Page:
“It seems like something here has resonated with a few people. And that’s kinda neat.” —Steven Slater
There are monsters among us.
Every day we witness bitter, demanding, resentful trolls—so mired in their own misery—release their dyspeptic nature on innocent bystanders. They shop at our grocery stores and work out at the local gym. They are passengers on flights and sit at neighboring tables at restaurants. They drive the cars you avoid on the highway.
Woe to any who come near these intrinsically bitter people. To witness their pain is to feel it. They dish out their misery with abandon.
These male and female malcontents attack with a simple dispatch of a dehumanizing remark, an acerbic demand, or snippy comment. Their unhappiness is so vast, simple interactions become an emotional sinkhole that can pull unsuspecting victims—the passer by, cab driver, nanny, waiter, coffee shop barista, or flight attendant—into their wicked depths.
As someone who has worked in restaurants for decades, I can tell you from experience that the service industry gets more than its fair share of monster customers. Angry devils dressed as customers step through the door of restaurants, hotels, department stores and retail outlets every day. They bring their anger and their blood-thirst with them as they demand all sorts of things no normal person would ask for*.
Often, these malevolent beasts go without rival. Anyone in the service profession is required to be accommodating, no matter how difficult and unreasonable the customer. We silently take the venomous attack and hope for the ugliness to pass. What else can we do?
Yesterday, a Jet Blue employee offered another kind of solution to the “customer is always right” paradigm. In a controversial–and widely celebrated move–flight attendant Steven Slater snapped after being sworn at by an aggressive customer obsessed with overhead baggage space. He took his I’m mad as hell and I’m not going to take it anymore thoughts to the loud speaker, told off the offending customer, inflated the airplane’s emergency escape slide, popped open a beer, and slid off the plane. He drove away, only to be arrested later.
In what could have been a small, personal triumph for one overworked flight attendant has become a kind of battle cry for thousands of people across the country. In just a few days, Steven Slater has accrued more than twenty thousand Facebook fans, a website in support, a legal defense fund, and a handful of folk tunes have been penned to extol his actions.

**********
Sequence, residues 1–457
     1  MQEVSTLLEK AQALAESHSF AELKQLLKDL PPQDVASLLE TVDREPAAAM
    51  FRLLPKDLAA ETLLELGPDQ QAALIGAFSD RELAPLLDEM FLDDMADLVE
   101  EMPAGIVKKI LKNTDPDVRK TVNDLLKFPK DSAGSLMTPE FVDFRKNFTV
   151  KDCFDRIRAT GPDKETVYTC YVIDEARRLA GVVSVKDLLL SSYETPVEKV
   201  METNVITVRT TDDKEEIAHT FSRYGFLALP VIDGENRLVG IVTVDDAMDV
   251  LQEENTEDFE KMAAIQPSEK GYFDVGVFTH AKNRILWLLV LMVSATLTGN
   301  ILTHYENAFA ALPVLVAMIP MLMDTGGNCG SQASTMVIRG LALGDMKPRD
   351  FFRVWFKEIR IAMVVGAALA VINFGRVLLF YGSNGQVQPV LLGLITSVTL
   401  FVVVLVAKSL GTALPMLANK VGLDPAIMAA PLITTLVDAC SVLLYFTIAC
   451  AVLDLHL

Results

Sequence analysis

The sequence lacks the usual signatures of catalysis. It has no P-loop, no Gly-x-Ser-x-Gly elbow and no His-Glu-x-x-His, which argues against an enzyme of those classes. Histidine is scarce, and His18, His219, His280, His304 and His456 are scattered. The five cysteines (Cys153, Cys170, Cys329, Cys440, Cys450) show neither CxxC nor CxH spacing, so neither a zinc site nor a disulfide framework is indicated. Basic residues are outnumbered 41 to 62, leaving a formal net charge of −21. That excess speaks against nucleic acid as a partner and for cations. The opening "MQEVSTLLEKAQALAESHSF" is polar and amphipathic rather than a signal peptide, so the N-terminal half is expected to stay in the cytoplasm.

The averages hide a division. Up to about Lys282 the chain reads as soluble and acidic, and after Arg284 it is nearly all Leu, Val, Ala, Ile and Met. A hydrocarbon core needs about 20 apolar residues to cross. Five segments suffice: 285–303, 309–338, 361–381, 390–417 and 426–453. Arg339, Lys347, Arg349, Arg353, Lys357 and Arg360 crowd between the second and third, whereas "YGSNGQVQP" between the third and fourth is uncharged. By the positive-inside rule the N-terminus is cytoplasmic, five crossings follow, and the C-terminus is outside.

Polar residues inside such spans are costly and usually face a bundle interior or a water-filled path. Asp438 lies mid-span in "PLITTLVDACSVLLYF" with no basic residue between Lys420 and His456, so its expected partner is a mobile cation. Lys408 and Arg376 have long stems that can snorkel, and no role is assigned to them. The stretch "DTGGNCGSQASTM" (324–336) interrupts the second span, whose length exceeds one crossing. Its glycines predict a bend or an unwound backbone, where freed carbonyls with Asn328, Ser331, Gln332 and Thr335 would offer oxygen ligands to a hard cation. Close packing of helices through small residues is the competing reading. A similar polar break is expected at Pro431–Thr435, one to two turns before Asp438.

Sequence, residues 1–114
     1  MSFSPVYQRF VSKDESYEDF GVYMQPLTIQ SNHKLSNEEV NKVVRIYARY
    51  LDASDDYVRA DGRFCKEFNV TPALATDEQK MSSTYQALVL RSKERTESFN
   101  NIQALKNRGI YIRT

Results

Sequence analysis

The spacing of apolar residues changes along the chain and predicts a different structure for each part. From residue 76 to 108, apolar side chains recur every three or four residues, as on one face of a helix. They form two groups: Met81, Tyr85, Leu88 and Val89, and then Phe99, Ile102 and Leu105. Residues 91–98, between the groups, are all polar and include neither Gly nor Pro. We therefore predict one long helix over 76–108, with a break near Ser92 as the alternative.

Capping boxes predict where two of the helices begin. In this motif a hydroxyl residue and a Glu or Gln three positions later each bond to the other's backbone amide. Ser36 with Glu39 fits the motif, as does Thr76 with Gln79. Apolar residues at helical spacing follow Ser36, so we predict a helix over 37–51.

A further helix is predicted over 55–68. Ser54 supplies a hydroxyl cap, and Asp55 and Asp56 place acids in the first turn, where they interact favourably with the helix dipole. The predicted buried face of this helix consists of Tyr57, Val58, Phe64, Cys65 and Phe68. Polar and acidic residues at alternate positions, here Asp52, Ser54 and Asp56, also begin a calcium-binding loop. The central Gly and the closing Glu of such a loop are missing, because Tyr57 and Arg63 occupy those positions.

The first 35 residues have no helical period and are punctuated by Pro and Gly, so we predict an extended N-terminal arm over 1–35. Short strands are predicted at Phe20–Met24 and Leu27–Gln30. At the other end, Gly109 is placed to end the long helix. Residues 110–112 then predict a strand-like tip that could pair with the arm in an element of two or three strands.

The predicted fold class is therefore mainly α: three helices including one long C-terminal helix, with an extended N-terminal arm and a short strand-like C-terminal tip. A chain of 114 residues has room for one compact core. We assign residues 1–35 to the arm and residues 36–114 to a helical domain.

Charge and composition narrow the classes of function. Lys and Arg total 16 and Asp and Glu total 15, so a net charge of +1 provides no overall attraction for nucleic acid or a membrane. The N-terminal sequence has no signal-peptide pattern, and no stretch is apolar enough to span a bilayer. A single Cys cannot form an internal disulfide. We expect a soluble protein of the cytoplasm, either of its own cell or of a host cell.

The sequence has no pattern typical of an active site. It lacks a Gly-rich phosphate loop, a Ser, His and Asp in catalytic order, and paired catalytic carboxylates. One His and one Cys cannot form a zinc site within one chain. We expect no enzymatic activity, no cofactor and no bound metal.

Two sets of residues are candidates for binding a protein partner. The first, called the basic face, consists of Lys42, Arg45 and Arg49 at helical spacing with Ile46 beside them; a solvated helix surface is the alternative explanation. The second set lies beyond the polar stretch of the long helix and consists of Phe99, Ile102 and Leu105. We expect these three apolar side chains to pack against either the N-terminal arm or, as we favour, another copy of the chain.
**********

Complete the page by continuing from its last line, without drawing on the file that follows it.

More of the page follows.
*Warning: This video does contain some questionable language.
Steven Slater is an avenging folk hero for the service industry. Many of us day-to-day working folk can’t help but cheer him on. Slater has given voice to our internal monologue complete with a public tell off, an emergency slide, and a celebebratory beer.
We in the service industry often swap stories of lone figures we knew who stood up to brutality in one final, last-day-on-the-job stand. We share these stories over beers at the bar after an especially long day of work. These stories cheer us up and let us know that if it ever really gets bad, there’s always One Last Stand we can take.
There’s the story of the girl who walked off the job on the busiest shift of the year just to make the boss pay for all the months of abuse he dolled out. Or the guy that ordered a cab to arrive at the bar just in time for him to hang his apron on his bosses shoulder so he could walk out of his good-for-nothing-job and make a fast get away. I knew a co-worker who tossed his apron after getting sat the same group of regulars that frequently came in. They were known for buying not much more than a side of fries and then would demand baskets of free bread and butter, piles of sliced lemons so they could make their own–free!–lemonade, stay for hours, and left pennies for a tip. “To Hell with THIS!” he yelled as he crumpled up his apron and threw it on the table of the no-tipping customers. The customers were so shocked and embarrassed by the scene, they stumbled out of the restaurant never came back again.
Everyone has an “I’m mad as hell and I can’t take it any more” story we keep in our back pocket for a dark days.
Do you have any great stories about standing up to emotional bullying you’d care to share?
*I have witnessed customers demand: a free meal because the special they liked so much wasn’t on the menu any more, a discounted meal because a woman at the next table was wearing too much perfume, a discount because their dessert was served while someone stepped away from the table to use the bathroom, a full refund because they found a hair (theirs) in their dish.